Radicalisation refers to the process by which a person comes to support terrorism and extremism leading to terrorism
Extremism is defined by Government in the Prevent strategy as: Vocal or active opposition to fundamental British values, including democracy, the rule of law, individual liberty and mutual respect and tolerance of different faiths and beliefs. Also included in the definition of extremism are calls for the death of members of our armed forces
Terrorism is defined by Government as “The use of violence in order to accomplish political, religious or social objectives”. Terrorism is a criminal act that influences an audience beyond the immediate victim. Its effectiveness is not in the act itself but the impact on Government and the public
While it remains rare for children and young people to become involved in terrorist activity. They can be exposed to terrorist and extremist influences or prejudiced views from a young age. These can include through the influence of family members or friends and/or direct contact with extremist groups and organisations or, increasingly, through the internet.
This can put a young person at risk of being drawn into illegal activity and has the potential to cause significant harm.
The risk of radicalisation is the product of a number of factors and identifying this risk requires that staff exercise their professional judgement, seeking further advice as necessary. It may be combined with other vulnerabilities or may be the only risk identified.
Prevent is part of the national counter-terrorism strategy and aims to stop people being drawn into or supporting terrorism.
Prevent has a strong link to safeguarding because vulnerable children and adults can be susceptible to radicalisation and recruitment into terrorist organisations.
In summary, the duty applies to:
The Prevent strand of the strategy focuses on three key areas which are:
Channel is a multi-agency panel of public sector agencies including Portsmouth City Council, Hampshire Constabulary, the Clinical Commissioning Groups, Youth Offending Service, Mental Health Trust and the Probation Service. The panel also draws in other representatives on a case-by-case basis when it is relevant to do so.
The aim of the panel is to protect and divert individuals away from radicalisation and to do so before they have been drawn into terrorism. In doing so, the intended outcome is that both the individual and the wider community are kept safe.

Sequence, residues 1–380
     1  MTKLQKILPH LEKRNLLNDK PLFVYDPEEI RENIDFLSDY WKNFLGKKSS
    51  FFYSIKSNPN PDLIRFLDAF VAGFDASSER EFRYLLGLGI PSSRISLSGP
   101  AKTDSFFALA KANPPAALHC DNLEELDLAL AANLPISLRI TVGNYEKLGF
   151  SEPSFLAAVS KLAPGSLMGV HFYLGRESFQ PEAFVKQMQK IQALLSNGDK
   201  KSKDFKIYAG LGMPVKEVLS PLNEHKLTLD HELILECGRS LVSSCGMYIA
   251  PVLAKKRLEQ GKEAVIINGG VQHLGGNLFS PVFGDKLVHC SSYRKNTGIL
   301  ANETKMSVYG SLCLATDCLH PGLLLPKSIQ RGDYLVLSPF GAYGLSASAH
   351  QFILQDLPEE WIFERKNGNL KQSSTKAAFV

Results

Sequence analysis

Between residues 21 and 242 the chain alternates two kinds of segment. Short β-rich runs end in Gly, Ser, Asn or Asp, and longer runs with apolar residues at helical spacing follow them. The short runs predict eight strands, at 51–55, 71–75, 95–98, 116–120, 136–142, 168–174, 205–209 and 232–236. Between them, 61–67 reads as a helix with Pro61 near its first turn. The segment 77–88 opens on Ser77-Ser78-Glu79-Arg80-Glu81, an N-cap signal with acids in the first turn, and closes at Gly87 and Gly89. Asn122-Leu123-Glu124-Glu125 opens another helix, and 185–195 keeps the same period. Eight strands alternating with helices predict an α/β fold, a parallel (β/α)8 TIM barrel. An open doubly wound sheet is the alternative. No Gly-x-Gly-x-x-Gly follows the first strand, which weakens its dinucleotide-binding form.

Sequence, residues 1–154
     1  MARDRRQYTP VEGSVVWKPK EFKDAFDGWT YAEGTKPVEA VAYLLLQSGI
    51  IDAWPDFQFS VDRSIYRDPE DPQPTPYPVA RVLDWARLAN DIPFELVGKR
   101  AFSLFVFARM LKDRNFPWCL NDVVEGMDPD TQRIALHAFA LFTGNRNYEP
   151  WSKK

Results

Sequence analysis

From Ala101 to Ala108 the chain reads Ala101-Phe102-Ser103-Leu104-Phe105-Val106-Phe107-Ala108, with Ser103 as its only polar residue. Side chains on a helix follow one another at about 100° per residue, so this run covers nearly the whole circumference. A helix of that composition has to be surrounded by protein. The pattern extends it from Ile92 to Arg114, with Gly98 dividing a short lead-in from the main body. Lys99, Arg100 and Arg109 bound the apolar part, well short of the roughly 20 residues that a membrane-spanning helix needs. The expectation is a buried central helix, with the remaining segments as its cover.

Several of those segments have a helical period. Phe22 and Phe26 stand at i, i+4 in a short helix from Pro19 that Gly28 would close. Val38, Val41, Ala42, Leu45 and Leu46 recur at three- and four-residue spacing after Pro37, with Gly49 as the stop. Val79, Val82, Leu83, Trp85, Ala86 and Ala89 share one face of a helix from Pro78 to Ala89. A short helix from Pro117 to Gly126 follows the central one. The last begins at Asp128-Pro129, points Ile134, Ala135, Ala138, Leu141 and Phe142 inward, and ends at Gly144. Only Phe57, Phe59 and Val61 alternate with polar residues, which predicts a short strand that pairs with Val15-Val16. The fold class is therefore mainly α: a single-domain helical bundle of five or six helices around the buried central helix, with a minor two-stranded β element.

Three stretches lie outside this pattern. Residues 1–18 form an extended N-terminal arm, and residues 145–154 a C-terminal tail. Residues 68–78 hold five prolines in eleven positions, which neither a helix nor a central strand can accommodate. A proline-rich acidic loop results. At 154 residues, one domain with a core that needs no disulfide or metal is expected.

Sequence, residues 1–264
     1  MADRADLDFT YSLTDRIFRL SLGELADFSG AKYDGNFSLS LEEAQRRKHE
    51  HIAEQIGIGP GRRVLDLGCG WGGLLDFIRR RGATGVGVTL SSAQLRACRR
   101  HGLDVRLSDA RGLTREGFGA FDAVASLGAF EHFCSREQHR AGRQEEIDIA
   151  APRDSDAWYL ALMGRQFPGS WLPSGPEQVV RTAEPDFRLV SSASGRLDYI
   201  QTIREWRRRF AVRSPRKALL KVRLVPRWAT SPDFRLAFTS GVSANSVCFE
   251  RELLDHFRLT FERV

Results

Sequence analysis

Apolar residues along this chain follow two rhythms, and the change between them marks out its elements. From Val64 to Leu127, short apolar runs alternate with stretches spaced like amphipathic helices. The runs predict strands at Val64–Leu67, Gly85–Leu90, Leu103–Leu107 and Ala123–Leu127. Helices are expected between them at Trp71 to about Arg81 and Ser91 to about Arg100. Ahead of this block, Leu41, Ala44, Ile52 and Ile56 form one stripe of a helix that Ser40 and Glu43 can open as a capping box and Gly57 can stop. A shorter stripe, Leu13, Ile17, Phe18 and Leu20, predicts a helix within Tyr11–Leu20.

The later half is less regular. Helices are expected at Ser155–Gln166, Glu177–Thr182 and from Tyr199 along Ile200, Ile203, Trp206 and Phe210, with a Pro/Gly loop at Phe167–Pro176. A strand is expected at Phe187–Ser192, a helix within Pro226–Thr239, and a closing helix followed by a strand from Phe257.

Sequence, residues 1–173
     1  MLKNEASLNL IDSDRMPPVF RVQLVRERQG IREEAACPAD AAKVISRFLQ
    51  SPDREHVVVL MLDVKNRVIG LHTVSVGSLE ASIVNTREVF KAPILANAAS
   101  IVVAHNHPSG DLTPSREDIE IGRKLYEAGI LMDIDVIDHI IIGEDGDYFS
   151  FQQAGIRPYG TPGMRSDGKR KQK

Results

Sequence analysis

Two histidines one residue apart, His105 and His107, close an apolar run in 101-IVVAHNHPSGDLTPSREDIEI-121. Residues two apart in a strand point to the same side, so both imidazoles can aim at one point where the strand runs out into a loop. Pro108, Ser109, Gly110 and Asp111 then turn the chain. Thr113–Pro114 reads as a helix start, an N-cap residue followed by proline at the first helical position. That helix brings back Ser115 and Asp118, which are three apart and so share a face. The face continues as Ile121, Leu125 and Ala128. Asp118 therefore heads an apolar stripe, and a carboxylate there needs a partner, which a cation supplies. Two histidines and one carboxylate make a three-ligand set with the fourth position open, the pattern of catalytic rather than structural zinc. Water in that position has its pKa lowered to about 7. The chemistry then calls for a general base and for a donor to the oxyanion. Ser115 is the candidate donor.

Individuals referred to the panel are assessed to see what risk they pose to themselves and to others and a plan is drawn up to support them. Referrals can come from a variety of sources, for examples, schools, the local authority, the community or the police.
Potential indicators include:
Any member of staff who identifies such concerns, for example as a result of observed behaviour or reports of conversations to suggest the child supports terrorism and/or violent extremism, must report these concerns to the named or designated safeguarding professional in their organisation or agency, who will consider what further action is required. Please see further details on the Prevent Channel process here.
Concerns about radicalisation and extremism are treated in the same way as other safeguarding issues, including physical, emotional and sexual abuse. The first step is to submit the Prevent National Referral Form (NRF) to email@example.com The form will be forwarded to the local authority safeguarding team and the Prevent policing team for a joint assessment. A link to the NRF can be found here
Worried about a child – If you are concerned that a child or young person has suffered harm, neglect or abuse, please contact
If a child is at immediate risk of harm, call the Police on 999
What do you need to do as an organisation?
Safeguarding Children and Young People Against Radicalisation and Violent Extremism Procedure – available on the HIPS Safeguarding Children Procedures Manual website
Prevent Duty guidance produced by the Home Office
Counter Terrorism Police have launched their new Prevent campaign, Act Early. The campaign includes the launch of a dedicated police website aimed at the family and friends of potentially vulnerable individuals. It utilises real stories to help resonate with the target audience and provide an emotional driver. This poster contains links to the website, and links to useful information that you can all use to support this campaign.
The prevent duty for schools & childcare providers – practical guidance to keep children safe from the risk of radicalisation and extremism